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Create a Fraud Detection Microservice in .NET and Vonage

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Create a Fraud Detection Microservice in .NET and Vonage

When you sign up for services like insurance policies, financing assets like a mortgage, or even something like a mobile phone plan, the company you’re applying for needs to make sure you are a real person. On top of that, it would be valuable for these companies to have a way to verify if a phone number a prospective client gives them is a real and active number that can be reached in the future.

Vonage has a fantastic Phone Number Insights API that can help support these kinds of scenarios. As a developer, you might be asked to build an isolated internal microservice that handles this use case.

In this article, you’ll learn how to use the Vonage Number Insights API and .NET to build a small distributed service that can supply this kind of functionality.

Code

If you wish to skip ahead, you can view the code for this tutorial on GitHub.

Prerequisites

To get started, you’ll need:

  • An IDE for .NET development like Visual Studio, Visual Studio Code, or JetBrains Rider
  • The latest version of .NET installed

Starting Your .NET Worker Service

In .NET, a worker service is akin to a background process that will typically be subscribed to a message bus/queue or poll some other service. In this tutorial, you’ll build a microservice that accepts messages from a message queue, process them by calling the Vonage API, and then send a response message back to the queue.

Let’s create a .NET worker service by executing the following in a terminal:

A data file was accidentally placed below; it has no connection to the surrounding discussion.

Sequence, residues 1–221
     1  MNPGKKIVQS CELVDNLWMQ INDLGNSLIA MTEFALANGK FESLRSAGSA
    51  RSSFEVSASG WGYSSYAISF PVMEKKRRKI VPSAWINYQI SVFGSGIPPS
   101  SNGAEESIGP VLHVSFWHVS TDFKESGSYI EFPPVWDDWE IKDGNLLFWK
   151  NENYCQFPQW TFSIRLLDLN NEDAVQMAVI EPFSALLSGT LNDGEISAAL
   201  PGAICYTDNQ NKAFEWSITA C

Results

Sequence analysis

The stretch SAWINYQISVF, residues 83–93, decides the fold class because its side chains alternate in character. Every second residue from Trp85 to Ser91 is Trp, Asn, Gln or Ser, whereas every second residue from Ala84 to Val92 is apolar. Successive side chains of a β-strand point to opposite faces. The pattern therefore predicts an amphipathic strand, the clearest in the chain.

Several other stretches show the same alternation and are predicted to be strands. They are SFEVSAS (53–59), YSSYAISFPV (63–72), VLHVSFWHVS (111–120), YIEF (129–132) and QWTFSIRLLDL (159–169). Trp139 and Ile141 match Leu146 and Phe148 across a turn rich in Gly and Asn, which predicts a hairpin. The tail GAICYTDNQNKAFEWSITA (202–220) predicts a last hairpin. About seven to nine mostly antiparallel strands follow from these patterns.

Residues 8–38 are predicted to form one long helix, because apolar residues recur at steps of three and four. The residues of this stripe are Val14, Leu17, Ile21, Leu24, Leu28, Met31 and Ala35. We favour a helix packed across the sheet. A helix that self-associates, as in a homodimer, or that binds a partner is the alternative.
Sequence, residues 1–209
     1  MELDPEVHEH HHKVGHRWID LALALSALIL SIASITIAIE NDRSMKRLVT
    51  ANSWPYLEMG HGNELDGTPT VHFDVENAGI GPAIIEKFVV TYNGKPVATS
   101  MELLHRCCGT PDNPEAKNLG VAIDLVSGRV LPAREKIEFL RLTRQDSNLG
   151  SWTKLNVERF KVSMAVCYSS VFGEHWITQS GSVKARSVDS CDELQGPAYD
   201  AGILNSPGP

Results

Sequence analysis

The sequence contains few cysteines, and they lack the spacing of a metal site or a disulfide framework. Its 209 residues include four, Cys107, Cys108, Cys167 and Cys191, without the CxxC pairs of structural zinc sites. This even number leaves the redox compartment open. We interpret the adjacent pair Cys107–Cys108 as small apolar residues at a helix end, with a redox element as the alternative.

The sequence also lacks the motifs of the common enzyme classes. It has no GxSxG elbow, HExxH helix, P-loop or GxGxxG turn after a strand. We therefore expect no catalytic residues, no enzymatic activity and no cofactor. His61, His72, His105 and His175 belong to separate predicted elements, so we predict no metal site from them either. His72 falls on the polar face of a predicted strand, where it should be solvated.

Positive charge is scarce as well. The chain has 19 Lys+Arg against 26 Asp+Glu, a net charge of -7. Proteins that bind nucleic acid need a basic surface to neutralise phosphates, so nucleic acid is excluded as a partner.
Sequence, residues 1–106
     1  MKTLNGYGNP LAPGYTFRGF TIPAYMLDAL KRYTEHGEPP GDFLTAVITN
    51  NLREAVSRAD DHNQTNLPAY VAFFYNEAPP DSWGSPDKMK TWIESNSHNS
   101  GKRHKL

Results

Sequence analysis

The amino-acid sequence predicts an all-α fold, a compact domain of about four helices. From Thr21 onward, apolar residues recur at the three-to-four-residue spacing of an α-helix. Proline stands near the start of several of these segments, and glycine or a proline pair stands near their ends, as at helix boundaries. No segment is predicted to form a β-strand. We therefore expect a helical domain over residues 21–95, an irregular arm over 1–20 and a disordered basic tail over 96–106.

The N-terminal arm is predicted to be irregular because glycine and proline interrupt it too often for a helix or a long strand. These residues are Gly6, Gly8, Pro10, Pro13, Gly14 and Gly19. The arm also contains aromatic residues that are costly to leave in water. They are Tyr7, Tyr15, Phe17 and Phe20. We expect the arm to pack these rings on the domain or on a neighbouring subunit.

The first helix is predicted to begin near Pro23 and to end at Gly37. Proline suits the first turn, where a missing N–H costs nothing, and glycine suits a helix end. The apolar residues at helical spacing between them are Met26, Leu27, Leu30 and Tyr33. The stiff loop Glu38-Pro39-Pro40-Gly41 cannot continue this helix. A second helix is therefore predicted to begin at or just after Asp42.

dotnet new worker -o FraudService

Next, execute cd ./FraudService to navigate to the folder the dotnet command created for you.

You’ll need to install Coravel which will help with scheduling jobs in our worker service:

dotnet add package Coravel

You’ll also need the Vonage C# SDK client installed:

dotnet add package Vonage

Finally, delete the file Worker.cs from the project as you won’t be needing it.

Building The Main Fraud Detection Logic

The small (micro) service you’ll build will simulate interacting with inputs and outputs via an event bus or queue. Exposing functionality directly via a REST API or another RPC method can lead to issues like chatty services, less resilient systems, etc.

To keep things simple, this tutorial will store messages/events using the file system.

Create a file called MockEventBus.cs and replace it with the following code:

using System;
using System.Collections.Generic;
using System.IO;
using System.Linq;
using System.Text.Json;
using System.Threading.Tasks;

namespace FraudService
{
    public class MockEventBus
    {
        public class Event
        {
            public string Data { get; set; }
        }

        public async Task SendTo(string queueName, Event @event)
        {
            await UsingStoredEvents(queueName, events =>
            {
                events.Add(@event);
            });
        }

        public async Task<List<Event>> RemoveFrom(string queueName)
        {
            var next = new List<Event>(0);

            await UsingStoredEvents(queueName, events =>
            {
                if (events.Any())
                {
                    next.AddRange(events);
                    events.Clear();
                }
            });

            return next;
        }

        private async Task UsingStoredEvents(string queueName, Action<List<Event>> action)
        {
            await using var fileRead = File.Open($"./mock_event_bus_{queueName}.json", FileMode.OpenOrCreate);
            var events = fileRead.Length > 0
                ? await JsonSerializer.DeserializeAsync<List<Event>>(fileRead)